Recently, there was a news announcement in Thailand that the country’s main airport, Suvarnabhumi Airport in Bangkok, was initiating a new campaign. Called the “Airport of Smiles” (not particularly imaginative, is it), the new campaign trains airport staff, including Bangkok’s dreaded and very unfriendly immigration officers, to smile when dealing with travelers. That’s why, when I traveled through Suvarnabhumi Airport today, my first trip since the “Airport of Smiles” campaign began, I was excitedly looking forward to my first ever smiling Thailand immigration officer. Unfortunately, it was not to be.
Standing in one of Suvarnabhumi’s immigration lines this morning, I noticed the immigration staff at every desk was happy, friendly and practically beaming from ear to ear. Looking back toward the male immigration officer serving the line I was standing in, I saw immediately he looked like the same immigration officer I always get traveling through Suvarnabhumi Airport – grim, stern and as if a smile was so dangerous it would crack his carefully arranged face. Just like always, I thought to myself.
When my turn came to hand over my passport and plane ticket, my immigration officer glanced up, stuck out his hand and grasped my passport. Not a smile, not a smirk, no acknowledgment, not even the hint of his mouth moving. In fact, he didn’t even speak.
Being of the slightly obnoxious type, I, of course, had to say something. So, I asked smilingly, “What happened to Suvarnabhumi’s ‘Airport of Smiles’ campaign? Aren’t you supposed to be smiling?” His mouth didn’t even move and he barely glanced up. Just kept doing exactly what he was doing without speaking and sans, of course, the smile.
I tried again, still smiling. “I thought smiling was a new requirement of the job?” Nothing. So finally I said, “Interesting. Every other immigration officer at Suvarnabhumi is smiling. But not you. Guess the new campaign doesn’t apply to you.” Nothing.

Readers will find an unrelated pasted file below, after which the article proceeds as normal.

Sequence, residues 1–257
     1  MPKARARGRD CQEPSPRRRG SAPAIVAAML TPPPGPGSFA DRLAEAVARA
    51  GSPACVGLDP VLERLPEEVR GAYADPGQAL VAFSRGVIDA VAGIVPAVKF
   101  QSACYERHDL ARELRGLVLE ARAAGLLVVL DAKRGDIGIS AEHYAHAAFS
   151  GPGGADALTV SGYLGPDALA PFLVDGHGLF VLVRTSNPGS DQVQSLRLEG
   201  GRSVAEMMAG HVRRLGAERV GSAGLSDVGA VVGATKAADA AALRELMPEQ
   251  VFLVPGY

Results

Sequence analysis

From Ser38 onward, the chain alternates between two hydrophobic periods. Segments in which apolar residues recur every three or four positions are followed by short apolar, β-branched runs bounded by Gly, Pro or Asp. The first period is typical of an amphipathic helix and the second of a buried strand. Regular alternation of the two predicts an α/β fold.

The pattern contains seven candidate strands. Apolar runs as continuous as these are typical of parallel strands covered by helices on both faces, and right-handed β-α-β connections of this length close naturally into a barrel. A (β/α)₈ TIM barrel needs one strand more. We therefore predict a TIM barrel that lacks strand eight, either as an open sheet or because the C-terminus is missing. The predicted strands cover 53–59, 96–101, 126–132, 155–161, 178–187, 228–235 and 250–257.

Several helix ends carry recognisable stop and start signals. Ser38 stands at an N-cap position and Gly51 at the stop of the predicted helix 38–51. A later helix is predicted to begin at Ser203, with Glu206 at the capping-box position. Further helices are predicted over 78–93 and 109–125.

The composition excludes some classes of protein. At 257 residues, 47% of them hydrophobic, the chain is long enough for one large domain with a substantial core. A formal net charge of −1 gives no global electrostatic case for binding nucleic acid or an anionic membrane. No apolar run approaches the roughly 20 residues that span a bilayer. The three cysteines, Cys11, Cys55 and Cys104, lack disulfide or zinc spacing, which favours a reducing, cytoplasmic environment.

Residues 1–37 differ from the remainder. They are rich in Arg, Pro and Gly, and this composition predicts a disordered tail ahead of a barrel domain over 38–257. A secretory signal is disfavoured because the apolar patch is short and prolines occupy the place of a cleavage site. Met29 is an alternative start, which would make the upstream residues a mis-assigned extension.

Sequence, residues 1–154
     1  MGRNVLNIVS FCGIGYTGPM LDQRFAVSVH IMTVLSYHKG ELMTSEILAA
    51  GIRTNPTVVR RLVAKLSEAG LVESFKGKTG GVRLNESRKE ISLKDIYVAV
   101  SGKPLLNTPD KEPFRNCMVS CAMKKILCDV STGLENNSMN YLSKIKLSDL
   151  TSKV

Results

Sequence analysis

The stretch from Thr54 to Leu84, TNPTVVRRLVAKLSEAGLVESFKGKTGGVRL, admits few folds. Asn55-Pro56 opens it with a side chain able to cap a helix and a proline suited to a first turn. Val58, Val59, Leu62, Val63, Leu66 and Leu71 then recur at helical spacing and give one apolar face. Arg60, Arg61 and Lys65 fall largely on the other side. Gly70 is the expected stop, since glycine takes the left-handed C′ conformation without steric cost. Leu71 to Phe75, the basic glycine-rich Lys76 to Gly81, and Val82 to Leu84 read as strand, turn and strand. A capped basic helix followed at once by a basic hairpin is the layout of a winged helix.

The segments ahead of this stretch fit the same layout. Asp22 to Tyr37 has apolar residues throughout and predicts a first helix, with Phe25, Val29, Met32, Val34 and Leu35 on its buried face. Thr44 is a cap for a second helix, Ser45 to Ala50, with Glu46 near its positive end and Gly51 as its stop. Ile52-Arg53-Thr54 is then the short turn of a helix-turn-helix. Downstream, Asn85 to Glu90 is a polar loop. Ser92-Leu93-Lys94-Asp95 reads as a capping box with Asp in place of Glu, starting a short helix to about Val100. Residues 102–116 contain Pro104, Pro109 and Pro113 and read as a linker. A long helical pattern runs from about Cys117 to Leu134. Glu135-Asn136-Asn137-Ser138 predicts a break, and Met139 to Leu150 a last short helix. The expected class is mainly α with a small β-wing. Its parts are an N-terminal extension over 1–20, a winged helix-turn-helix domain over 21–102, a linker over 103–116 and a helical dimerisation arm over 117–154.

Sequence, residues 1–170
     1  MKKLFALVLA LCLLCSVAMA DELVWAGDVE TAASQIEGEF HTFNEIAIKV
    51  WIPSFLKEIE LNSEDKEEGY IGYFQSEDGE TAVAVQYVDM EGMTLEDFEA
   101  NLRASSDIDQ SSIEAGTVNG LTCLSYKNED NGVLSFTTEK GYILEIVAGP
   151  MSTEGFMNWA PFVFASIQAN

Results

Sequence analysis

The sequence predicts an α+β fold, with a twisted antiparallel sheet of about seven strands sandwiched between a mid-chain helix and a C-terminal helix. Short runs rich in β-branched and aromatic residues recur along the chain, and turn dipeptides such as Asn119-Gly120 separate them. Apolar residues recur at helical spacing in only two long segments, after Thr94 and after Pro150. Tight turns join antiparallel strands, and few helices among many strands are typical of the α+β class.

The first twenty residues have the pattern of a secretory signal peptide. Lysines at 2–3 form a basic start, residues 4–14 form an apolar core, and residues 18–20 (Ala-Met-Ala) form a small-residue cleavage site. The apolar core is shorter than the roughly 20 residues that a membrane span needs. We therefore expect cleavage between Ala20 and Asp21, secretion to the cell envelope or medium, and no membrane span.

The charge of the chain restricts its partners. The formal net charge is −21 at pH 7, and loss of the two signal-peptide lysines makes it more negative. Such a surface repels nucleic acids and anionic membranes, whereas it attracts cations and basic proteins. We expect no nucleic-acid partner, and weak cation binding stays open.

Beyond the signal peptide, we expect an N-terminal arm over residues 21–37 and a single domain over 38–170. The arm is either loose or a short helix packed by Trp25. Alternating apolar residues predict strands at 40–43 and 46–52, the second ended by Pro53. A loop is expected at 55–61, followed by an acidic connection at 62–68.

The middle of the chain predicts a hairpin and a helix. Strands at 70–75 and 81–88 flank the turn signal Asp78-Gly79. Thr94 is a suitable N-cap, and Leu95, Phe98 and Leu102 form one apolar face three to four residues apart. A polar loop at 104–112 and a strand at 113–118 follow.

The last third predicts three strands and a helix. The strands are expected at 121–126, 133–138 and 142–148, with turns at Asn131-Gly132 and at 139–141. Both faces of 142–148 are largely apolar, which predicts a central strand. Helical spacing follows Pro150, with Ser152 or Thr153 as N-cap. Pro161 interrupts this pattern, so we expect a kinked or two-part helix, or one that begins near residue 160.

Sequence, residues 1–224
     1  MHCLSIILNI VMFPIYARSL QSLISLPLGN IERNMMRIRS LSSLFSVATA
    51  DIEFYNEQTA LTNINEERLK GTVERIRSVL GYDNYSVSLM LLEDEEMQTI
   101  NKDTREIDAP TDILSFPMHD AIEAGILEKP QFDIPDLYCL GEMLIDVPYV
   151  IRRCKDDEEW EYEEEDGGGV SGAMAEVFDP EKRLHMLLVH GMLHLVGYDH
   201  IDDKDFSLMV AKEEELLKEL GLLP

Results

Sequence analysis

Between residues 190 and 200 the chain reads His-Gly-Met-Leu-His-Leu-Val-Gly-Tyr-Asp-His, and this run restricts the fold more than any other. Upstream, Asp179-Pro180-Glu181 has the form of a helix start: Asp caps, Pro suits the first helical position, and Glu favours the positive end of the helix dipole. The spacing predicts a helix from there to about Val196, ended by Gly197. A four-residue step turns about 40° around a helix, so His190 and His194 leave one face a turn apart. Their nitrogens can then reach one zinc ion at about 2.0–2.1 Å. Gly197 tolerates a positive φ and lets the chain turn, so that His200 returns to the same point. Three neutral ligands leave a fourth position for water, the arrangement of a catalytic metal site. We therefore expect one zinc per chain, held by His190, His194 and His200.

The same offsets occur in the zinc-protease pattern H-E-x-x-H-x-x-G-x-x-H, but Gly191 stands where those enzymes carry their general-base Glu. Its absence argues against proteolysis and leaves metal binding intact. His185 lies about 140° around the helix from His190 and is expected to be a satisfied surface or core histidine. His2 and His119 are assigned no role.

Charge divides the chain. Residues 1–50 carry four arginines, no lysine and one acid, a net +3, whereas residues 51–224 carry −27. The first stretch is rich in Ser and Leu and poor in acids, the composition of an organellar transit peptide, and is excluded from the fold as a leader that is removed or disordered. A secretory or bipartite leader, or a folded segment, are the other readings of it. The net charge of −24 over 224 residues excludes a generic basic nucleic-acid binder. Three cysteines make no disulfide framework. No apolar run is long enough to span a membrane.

I gave up. Took my grumpily offered, now-stamped-out-of–Thailand passport, back and moved through Bangkok’s Suvarnabhumi immigration and on.
I will however be arriving back in Thailand at Suvarnabhumi Airport in three days time. On my way back in, I swear I will stage a protest if I don’t get at least one smile from one Suvarnabhumi mmigration officer.
Thailand is known as the’Land of Smiles’ dammit. Crack one. It won’t kill you.
***written in November, 2010. I came back to Thailand three days later, only to be faced with an immigration officer at Suvarnabhumi even more unpleasant than the first one. As I travel all over Asia, it’s extremely noticeable how unfriendly and unwelcoming Suvarnabhumi immigration officers are compared to every other Asian country. Many are an embarrassment to Thailand and, seriously, if they don’t like their jobs, then maybe they should get new ones? Thais are known as the friendliest and nicest people in the world, so why are Thailand’s immigration officers not?
copyright C. James